Bush Hill Park achieved a remarkable amount when many clubs battened down the hatches during lockdowns. Now the London course has been recognised with England Golf's Club of the Year award

This is quite a shopping list, so bear with me as we make our way through it: new bunkers, an on-course toilet facility and a halfway hut.

Five undercover practice bays and a new chipping area for members. A takeaway service that sold 2,500 portions of fish and chips and curry.

More than 100 food parcels delivered to members, who were either forced to self-isolate or couldn’t get out to a supermarket to shop.

Take a breath. We’re not finished yet. Perishable food and drink that was donated to a homeless charity. An enhanced social media campaign that sprawled out into the community. 160 new members and a new women’s affiliate programme that put 26 players on a pathway to full membership.

Oh, and Bush Hill Park celebrated its 125th anniversary and became a limited company at the same time.

All while negotiating a pandemic and three lockdowns. Is there any wonder the London club was named England Golf’s Club of the Year last week?

If the last 12 months or so have been a whirlwind for general manager Stewart Judd and his team then so have the past few days after Bush Hill Park edged out Derbyshire club Stanedge, Cumbria’s Dunnerholme and The Nottinghamshire Golf and Country Club to the premier accolade at the England Golf Awards.

What’s more, Judd hasn’t really worked out quite how it all happened.

“It was a crazy time – absolutely crazy,” he admits. “I was probably working every day. We had volunteers. We had a board who were trying to drive things as well.

“I have asked myself the same question of how we did it, but I think it’s a can do attitude and probably being in survival mode. Perhaps it brought something else out. I don’t know. But we did huge amounts.”

Judd was brought in four years ago to a traditional club with a declining membership. His brief was to shake things up and get people back through the doors.

He was making good progress but then coronavirus changed everything – and gave Bush Hill Park an unexpected bolt.

Bush Hill Park

“The club was really brought together and it was the community aspect of it that I focused on. While we were in uncertainty, I focused on what was certain – the membership and the community that is there within the club.

“We set up a virtual clubhouse via our Facebook community page, where our members signed in and were sharing funnies and stories and golf tips. I was still taking photos at the club and sharing them.

“We did a food delivery service. Members were using our food and drink suppliers to provide basic groceries and we delivered 100 food parcels to members, who were either shielding or couldn’t get to the club or didn’t want to risk the supermarket. We had volunteers who would go out and do deliveries.

“And when we opened in May [2020] golf really bounced back and we had a massive influx of new members.”

Probably because people noticed. They noticed what the club was doing for those who needed help and they noticed that the traditionally bolted gates were open – the ‘private’ signs gone for good.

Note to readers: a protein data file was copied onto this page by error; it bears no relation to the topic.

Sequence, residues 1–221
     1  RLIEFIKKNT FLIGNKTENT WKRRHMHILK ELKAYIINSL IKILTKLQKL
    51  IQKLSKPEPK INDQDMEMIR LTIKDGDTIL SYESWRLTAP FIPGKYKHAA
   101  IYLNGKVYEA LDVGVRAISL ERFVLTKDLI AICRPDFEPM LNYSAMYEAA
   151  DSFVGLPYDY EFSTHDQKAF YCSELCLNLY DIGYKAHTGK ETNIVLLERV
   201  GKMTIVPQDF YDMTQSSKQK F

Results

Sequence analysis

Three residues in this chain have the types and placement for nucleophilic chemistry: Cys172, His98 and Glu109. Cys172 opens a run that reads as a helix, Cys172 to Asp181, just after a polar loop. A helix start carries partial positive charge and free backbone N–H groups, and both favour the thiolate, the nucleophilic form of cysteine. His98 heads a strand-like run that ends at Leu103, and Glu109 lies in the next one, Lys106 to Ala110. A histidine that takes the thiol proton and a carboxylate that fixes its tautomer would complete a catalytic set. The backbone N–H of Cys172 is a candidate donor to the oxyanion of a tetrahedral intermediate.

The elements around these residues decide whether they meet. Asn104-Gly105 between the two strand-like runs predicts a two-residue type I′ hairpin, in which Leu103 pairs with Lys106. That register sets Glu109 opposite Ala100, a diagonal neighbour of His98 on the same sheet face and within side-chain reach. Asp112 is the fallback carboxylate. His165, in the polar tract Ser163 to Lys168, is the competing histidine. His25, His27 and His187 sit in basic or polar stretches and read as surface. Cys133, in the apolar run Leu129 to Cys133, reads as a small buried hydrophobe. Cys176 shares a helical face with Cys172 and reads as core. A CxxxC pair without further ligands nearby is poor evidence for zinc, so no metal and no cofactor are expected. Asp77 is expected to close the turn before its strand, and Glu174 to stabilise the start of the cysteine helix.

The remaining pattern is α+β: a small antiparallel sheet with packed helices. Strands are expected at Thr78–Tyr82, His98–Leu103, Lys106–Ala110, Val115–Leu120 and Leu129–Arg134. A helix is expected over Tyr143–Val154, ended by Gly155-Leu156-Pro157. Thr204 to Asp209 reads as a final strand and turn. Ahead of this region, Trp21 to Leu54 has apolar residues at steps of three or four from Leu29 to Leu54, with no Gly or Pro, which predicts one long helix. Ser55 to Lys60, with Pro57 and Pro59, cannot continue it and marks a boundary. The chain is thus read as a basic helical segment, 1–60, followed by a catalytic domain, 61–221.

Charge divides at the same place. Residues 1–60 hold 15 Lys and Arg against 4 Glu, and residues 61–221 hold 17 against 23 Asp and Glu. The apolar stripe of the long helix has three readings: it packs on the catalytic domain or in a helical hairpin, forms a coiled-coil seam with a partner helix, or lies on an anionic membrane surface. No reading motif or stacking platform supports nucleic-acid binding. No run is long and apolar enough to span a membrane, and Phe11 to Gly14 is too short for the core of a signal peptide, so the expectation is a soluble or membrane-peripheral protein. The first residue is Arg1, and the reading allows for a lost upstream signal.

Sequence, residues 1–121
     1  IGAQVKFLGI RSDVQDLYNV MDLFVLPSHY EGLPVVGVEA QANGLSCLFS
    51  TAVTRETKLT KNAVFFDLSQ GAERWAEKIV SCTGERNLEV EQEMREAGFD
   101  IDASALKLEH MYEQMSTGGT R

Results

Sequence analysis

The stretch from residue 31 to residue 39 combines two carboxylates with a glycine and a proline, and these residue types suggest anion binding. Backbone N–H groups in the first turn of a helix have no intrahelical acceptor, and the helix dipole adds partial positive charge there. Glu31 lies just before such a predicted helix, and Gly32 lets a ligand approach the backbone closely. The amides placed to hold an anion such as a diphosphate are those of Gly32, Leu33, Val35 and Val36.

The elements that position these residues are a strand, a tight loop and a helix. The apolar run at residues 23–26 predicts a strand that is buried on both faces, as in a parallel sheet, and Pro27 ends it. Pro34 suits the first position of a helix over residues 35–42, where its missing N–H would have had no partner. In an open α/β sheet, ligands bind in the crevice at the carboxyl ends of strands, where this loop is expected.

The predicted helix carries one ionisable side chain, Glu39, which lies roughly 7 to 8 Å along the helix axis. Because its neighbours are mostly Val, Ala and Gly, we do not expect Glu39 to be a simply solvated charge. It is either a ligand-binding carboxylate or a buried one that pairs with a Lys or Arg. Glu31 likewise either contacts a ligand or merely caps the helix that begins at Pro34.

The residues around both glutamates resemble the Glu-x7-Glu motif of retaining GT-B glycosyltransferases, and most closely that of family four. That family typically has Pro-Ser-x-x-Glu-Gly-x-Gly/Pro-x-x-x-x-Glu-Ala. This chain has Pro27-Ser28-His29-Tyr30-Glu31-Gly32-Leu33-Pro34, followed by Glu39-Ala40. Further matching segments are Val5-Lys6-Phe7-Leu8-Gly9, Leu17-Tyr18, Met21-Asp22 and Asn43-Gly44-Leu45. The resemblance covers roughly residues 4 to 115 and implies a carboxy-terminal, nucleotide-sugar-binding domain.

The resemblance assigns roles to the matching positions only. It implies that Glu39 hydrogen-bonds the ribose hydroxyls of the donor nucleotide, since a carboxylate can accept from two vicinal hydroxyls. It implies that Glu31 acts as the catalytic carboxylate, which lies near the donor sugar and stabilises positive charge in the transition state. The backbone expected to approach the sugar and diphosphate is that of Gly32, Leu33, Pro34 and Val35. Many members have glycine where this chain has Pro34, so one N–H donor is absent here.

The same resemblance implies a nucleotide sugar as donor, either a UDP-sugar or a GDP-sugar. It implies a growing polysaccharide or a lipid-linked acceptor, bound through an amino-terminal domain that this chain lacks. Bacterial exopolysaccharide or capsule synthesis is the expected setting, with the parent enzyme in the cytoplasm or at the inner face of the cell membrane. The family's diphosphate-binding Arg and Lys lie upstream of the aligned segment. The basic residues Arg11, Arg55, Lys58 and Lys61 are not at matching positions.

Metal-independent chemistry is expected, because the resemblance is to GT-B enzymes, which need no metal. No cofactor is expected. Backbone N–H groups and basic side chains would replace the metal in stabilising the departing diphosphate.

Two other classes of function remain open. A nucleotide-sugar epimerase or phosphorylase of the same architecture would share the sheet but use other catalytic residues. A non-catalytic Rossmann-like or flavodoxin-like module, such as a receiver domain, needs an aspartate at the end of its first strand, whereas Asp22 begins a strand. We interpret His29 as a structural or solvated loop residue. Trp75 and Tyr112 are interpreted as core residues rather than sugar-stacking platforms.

“Our gates are open. Our doors are open,” adds Judd. “We’ve done quite a big mail drop around the area to offer social membership. We grew that from around 100 to closer to 350 now. The club has got more of a vibe about it and we’re trying to do more social activities.

“It’s putting us in the community, supporting the community so it supports us back.”

They’ve probably achieved more in the past year than some other clubs might have in five but what Bush Hill Park have learned over that tumultuous period – which for many clubs went from fearing closure to putting in waiting lists – is that there is no time to stand still.

Having revitalised the club, Judd intends to put the hammer down to ensure the opportunity presented isn’t frittered away.

“We’re trying to achieve more of a balanced membership profile. Within the Women in Golf Charter we’ve set ourselves a target of another 50 female members between now and 2025.

“We’ll continue to drive that and we want to continue to improve things in the clubhouse. We refurbished our bar, the year before last, and made it much more contemporary and modern looking. We want to try and keep that rollout going in the clubhouse – with potential to improve changing rooms and our restaurant area.

“It’s just carrying on improving things in the clubhouse and developing things out on the golf course. We want to keep improving our practice facilities.

“We’ve put the new bays in and practice green and chipping area, but we’ve got a space where we can put in some more holes and the aim is to have an academy course.

“Golf clubs can get a bit caught up with tradition and tradition is a reason not to change, whereas we try to celebrate our heritage but keep looking forward.”

And so Club of the Year is probably only the latest rung on a long ladder for Bush Hill Park. But the prize has proved a welcome fillip – a nod that they are on the right track.   

“It’s recognition – for the members and the club,” Judd says. “My inbox has gone crazy with thank yous, congratulations and ‘what a fantastic achievement for the club’. It’s recognition of one of the toughest years we’ve had in our 125.”

Have you played at Bush Hill Park? Let me know how you found it in the comments, or tweet me.

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